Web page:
# Nth roots of unity

Find two roots of unity such that their sum equal 1 Okay so what I did, is that I said that: $$\exp((2i\pi)/n)+\exp((2i\pi)/n)=1$$ which was equivalent to $$2\exp((2i\pi)/n)=1$$

$$\exp((2i\pi)/n)=\frac 1 2$$ But then only non-sense came from this I don't know why.

• Take $e^{i \pi / 3}$ and $e^{-i \pi / 3}$. This is the only solution. Commented Jan 4, 2018 at 0:42
• Suppose the root of unity is $x$. The other one must be $\bar x = x^{-1}$ since the imaginary part must cancel, so $x + x^{-1} = 1$ Commented Jan 4, 2018 at 0:52
• What you did is wrong. They need to be two different roots of unity Commented Jan 4, 2018 at 1:37

If $w$ is a root of unity then $w^n=1\implies |w|=1$. So $w$ belongs to the unit circle of radius $1$ centred in $(0,0)$.

Let assume $1-w$ is also a root of unity, then $|1-w|=1$ and $w$ also belongs to the circle of radius $1$ centred in $(1,0)$.

The intersection of these two circles have abscissa $\dfrac 12$ and correspond to the angle $\dfrac{\pi}3$.

[since $\cos(\frac\pi3)=\frac 12$].

And you can verify that $w=e^{i\pi/3}=\dfrac{1+i\sqrt{3}}2$ and $1-w=e^{-i\pi/3}=\dfrac{1-i\sqrt{3}}2$

both verify $w^6=1$ and have sum $1$.

Regarding your approach you should solve instead $e^{i2k_1\pi/n}+e^{i2k_2\pi/n}=1$.

Here you assumed wrongly $k_1=k_2=1$.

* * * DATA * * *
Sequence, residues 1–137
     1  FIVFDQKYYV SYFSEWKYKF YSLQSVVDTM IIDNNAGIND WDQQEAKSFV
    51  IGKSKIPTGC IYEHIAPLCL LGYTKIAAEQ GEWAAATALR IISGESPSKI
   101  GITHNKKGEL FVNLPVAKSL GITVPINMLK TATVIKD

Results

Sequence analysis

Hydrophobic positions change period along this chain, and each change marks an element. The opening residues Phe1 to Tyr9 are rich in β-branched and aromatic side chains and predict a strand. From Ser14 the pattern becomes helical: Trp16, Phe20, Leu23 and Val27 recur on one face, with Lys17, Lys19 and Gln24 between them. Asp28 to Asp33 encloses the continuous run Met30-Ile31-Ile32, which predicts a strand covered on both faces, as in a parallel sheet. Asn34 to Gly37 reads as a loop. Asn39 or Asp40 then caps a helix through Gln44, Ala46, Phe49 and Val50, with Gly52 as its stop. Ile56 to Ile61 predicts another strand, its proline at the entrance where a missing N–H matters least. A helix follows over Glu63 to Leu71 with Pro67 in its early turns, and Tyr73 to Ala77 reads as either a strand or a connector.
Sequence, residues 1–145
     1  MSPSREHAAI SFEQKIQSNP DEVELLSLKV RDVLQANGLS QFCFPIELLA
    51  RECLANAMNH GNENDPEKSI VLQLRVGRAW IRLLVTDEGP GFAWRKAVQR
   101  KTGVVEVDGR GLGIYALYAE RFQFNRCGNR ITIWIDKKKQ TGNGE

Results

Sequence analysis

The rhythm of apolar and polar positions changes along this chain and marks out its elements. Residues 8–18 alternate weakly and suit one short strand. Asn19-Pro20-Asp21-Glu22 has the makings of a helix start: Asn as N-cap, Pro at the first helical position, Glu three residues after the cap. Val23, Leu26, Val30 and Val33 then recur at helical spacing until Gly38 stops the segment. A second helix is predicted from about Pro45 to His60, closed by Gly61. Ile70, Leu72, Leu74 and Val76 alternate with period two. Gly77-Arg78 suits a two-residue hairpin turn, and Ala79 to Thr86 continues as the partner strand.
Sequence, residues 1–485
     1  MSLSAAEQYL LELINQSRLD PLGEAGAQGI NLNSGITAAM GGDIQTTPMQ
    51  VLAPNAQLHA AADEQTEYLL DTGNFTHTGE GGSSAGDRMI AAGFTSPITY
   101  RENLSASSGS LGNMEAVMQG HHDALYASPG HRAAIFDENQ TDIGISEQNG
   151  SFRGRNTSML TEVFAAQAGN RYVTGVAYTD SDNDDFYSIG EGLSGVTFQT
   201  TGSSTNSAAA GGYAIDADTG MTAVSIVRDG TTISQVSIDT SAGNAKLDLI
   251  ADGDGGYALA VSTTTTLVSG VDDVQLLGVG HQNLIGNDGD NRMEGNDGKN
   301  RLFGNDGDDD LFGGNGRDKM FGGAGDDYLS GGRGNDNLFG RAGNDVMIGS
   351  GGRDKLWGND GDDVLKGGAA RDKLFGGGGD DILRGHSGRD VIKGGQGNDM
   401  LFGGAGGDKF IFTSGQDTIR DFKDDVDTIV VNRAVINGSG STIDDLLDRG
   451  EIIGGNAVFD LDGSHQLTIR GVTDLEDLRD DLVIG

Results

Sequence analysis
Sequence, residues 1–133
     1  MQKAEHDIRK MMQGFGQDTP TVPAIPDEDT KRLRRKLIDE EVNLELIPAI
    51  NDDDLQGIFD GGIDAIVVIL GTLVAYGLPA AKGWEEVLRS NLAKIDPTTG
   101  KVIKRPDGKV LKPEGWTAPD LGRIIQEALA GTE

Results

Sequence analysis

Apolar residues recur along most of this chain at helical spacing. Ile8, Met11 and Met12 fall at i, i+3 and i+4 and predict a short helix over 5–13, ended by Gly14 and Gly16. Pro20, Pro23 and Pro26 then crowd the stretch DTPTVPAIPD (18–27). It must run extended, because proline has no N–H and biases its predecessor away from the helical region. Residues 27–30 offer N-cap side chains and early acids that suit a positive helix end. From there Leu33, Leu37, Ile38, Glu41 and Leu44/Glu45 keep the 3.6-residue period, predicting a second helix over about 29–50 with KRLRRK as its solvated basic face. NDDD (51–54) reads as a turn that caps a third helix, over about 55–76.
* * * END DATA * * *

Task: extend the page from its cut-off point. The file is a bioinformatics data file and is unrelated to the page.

By developping this we get $\begin{cases}\cos(\frac{2k_1\pi}n)+\cos(\frac{2k_2\pi}n)=1\\\sin(\frac{2k_1\pi}n)+\sin(\frac{2k_2\pi}n)=0\end{cases}$

The second equation forces $\theta_1=\theta_2+\pi$ or $\theta_1=-\theta_2$

In the first case, the cosinus sum also vanish, thus we have $2\cos(\frac{2k_1\pi}n)=1\iff \dfrac{2k_1\pi}n=\pm\dfrac{\pi}3$

And we get the same solution than previously.

Having derived $$2\Re[\exp(i2\pi/n)]=1$$, proceed as follows, starting with Euler's Formula:

$$2\cos(2\pi/n)=1$$

$$2\cos(2\pi/n)\sin(2\pi/n)=\sin(2\pi/n)$$

$$\sin[2(2\pi/n)]=\sin(\pi/2n)$$ (from the double-angle formula for sines or the sum-product relation for $$\cos u\sin v$$)

So $$2(2\pi/n)-2\pi/n=2\pi/n$$ is an even number times $$\pi$$ or else $$2(2\pi/n)+2\pi/n=6\pi/n$$ is an odd number times $$\pi$$. The only whole numbers for $$n$$ which satisfy at least one of these relations are $$1,2,6$$, and just one of those three candidates actually survives checking.